Ishiba is popular with Japanese voters, but viewed with suspicion by some in his party for having once left its ranks and also challenging Abe’s leadership
Japan's ruling party votes Monday for its next leader, with top government adviser Yoshihide Suga all but certain to win and replace Shinzo Abe as the country's new prime minister.
Chief cabinet secretary Suga is heavily tipped to win the Liberal Democratic Party ballot, with a parliamentary vote Wednesday set to elevate him to the country's top job.
Even before he formally announced his run, the 71-year-old had won the support of key factions within the ruling party, with his candidacy viewed as promising stability and a continuation of Abe's policies.
The LDP has chosen to poll only its lawmakers in parliament and three representatives from each of the country's 47 regions, eschewing a broader ballot including rank-and-file members that officials said would have taken too long to organise.
The format is expected to further bolster Suga against his two competitors, former defence minister Shigeru Ishiba and LDP policy chief Fumio Kishida.
Ishiba is popular with Japanese voters, but viewed with suspicion by some in his party for having once left its ranks and also challenging Abe's leadership.
Kishida was formerly viewed as Abe's favoured successor, but appeared to fall from grace in the months before the prime minister decided to step down.
Abe, who smashed records as Japan's longest-serving prime minister with more than eight years in power over two terms, has declined to endorse any one candidate.
He made the shock announcement he would step down with a year left in his mandate in late August, saying a recurrence of the ulcerative colitis he has long battled made it impossible for him to stay on.
If Suga succeeds him, analysts say no major policy reversals are on the agenda, and the candidate himself has said his run is intended to ensure a continuation of Abe's key policies.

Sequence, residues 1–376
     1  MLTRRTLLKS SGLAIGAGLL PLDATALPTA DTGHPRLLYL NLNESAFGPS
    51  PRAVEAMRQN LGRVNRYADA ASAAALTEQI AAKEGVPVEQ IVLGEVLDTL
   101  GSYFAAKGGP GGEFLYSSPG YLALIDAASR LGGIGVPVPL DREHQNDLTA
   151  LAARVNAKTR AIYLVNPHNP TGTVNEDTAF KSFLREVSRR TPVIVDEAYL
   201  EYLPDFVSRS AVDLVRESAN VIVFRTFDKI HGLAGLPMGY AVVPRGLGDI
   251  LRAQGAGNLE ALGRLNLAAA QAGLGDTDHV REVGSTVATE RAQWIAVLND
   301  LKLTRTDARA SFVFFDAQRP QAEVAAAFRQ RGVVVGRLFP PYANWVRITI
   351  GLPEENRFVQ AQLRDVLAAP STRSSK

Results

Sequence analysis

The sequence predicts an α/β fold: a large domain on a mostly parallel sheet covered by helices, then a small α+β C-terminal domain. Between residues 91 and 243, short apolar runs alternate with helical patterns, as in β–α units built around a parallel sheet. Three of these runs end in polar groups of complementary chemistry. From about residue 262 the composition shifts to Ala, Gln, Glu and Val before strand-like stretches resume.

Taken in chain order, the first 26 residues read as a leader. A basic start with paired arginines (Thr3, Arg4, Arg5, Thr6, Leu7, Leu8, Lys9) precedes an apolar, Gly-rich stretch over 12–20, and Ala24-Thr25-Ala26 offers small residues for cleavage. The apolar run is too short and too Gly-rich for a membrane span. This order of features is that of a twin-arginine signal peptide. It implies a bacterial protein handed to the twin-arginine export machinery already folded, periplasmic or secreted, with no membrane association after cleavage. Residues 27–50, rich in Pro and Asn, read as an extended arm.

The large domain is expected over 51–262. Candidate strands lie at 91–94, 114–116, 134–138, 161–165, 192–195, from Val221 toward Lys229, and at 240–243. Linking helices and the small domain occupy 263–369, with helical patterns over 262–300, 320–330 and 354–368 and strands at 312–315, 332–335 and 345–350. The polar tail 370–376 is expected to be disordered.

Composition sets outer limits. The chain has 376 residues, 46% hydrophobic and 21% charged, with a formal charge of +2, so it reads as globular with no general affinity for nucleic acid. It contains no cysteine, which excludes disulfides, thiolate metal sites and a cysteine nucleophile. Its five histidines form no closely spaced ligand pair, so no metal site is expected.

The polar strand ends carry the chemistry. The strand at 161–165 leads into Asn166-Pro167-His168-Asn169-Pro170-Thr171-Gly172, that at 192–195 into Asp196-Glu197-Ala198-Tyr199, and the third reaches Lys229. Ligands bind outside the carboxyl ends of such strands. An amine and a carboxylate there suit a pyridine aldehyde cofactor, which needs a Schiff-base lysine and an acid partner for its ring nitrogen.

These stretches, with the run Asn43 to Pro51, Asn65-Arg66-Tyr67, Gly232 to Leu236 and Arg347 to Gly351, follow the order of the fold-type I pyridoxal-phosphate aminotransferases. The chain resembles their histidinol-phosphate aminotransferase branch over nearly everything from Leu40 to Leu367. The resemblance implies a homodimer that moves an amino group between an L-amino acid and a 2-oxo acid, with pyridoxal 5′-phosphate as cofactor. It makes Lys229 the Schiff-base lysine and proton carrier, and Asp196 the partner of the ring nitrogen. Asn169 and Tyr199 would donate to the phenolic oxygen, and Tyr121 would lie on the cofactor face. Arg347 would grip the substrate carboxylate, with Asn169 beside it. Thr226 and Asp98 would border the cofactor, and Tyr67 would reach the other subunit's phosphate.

– Snap election? –
The next prime minister will face a raft of complicated challenges.
The country was already in recession before the coronavirus pandemic, and many of the gains of the signature Abenomics economic policy are now in danger.
Suga has said kickstarting the economy will be a top priority, along with containing the virus — essential if the postponed Tokyo 2020 Olympics are to open as planned in July 2021.
There are also diplomatic challenges on the agenda, including protecting the US alliance and navigating ties with China as global opinion hardens against Beijing after the coronavirus and unrest in Hong Kong.
"Now is a difficult time for Japan as the US is putting pressure on China," said Makoto Iokibe, a professor of political and diplomatic history at University of Hyogo.
"But simply following the path Washington is pursuing and raising tensions with China is not in Japan's interest," he told AFP.
One key unknown remains whether Suga will decide to call a snap general election to consolidate his position and avoid being seen as a caretaker facing a new vote in a year — when Abe's mandate would have ended.
Several senior government officials have mooted the possibility, perhaps as early as October, but Suga has been circumspect so far.
A large part of Japan's fractious opposition has recently come together in a new bloc, hoping to pose a stronger challenge to a ruling party that has held power for all but a few years in the last six decades.
But the LDP would still be heavily favoured in any new elections, even if Suga's personal appeal to voters remains an open question.
"Mr Suga is capable of implementing policies by controlling bureaucrats, but his weakness is in winning the heart of the public," said Iokibe.